So the saying goes bad things come in three right?  Well we had a couple…  On the day we tried to leave Luang Prabang we had some motor bike issues.  First thing that happened about 30 miles out was a flat tire.  Well no big deal, we just passed a tire shop like 100 feet away. We pushed the bike there and had the inner tube replaced in ten minutes.  Just a bump, well nail actually, in the road.  It happens, no big deal, keep going!  Five minutes later we’re cruising and then ::record screach:: the bike just stops.  We walk the 300 lb bike up and down hills for a mile in a half until we find a mechanic.  He completely dissassembes the bike and unclogs the gas line and all this stuff.  After 3 hours of hanging out, watching chickens and huffing second hand smoke and gasoline we decided we were going to call it a day.  Obvioulsy the gods didn’t want us to go to Vang Vieng today.  We started back to Luang Prabang.  On the way back, I’m not kidding you, I can’t make this up,  we got another flat tire, in the EXACT same spot we got the first one.  It was so coincidential that I couldn’t control my anger.  I screamed “WTF!!!” As Tim pushed the bike to the SAME shop where we had the tire replaced before, I paced up and down the street looking for nails or other “evidence” of materials.  After the inner tube was replaced, again, I said “Thank you! Now that you have enough of our money please stop throwing nails in the road so we can get the hell out of here tomorrow!”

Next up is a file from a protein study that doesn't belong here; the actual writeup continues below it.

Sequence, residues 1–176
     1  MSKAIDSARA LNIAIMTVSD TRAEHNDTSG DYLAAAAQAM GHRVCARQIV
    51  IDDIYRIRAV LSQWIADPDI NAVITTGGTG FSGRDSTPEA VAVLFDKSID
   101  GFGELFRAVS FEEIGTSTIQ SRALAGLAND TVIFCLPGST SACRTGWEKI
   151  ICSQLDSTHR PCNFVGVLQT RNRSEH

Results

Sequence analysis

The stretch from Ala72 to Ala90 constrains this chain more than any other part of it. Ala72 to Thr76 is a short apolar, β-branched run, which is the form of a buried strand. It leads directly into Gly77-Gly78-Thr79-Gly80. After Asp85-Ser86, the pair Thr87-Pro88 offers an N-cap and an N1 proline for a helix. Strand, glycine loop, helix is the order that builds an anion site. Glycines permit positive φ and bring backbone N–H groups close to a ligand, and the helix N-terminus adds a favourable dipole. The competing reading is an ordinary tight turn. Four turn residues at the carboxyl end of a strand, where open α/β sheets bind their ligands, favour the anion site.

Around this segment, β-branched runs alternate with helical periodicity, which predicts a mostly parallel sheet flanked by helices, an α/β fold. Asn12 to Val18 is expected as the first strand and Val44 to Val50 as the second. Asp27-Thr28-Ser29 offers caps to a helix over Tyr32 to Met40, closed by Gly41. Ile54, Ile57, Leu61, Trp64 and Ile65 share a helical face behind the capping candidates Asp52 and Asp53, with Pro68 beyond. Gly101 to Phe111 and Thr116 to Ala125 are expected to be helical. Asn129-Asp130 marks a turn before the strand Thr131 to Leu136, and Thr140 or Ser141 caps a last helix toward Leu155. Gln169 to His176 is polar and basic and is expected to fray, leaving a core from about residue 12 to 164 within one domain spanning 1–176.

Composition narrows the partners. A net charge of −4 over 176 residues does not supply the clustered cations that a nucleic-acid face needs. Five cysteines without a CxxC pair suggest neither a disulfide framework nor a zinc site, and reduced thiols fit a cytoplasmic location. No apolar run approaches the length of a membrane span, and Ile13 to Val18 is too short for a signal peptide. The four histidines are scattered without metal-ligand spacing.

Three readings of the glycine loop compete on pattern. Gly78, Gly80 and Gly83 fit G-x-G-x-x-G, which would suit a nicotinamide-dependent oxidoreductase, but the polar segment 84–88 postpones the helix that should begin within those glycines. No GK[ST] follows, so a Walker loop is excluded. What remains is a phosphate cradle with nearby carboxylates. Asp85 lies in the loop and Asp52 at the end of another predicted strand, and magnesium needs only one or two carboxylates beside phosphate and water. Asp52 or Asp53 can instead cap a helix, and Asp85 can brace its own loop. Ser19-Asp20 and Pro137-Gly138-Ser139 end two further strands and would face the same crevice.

Mechanic working on the bike.
Mechanic working on the bike.

So that is three bad things right? Well I think the flat tires counted as one because the next day we had a motorbike accident.  Half way to Vang Vieng, we were making a turn at about 30 mph and some how ended up eating pavement.  Luckily neither of us sustained serious injury, but I can now say I know why knee pads were invented.  My right knee ended up taking most of the hit. For Tim, it was his left hip and feet.  Luckily I was wearing shoes, whereas “sandals man” wasn’t.  Lying on the hot concrete with the sun in my eyes and the pain in my knee all I could think about was how I hope I didn’t break something.  I was scared to move.  Thats when two vans came around the corner.  I don’t know if my grandma was watching over us or what but two angels approached us.  She opened up a medical kit, showed me a bottle of something, probably an anestetic, I can’t read Laotian.  I wimpered “Are you sure?” and she replied, “Yes, I’m a nurse.” I let her go to work on me.  She cleaned all our wounds and bandaged them.  I couldn’t believe how lucky we were to have sustained no serious injury and two nurses (angels) appeared out of no where to help us.  I don’t know their names but I will never, ever forget them.  I know I would of done the same thing.  Maybe it was a good deed coming back to me for all the awesome nursing I’ve done.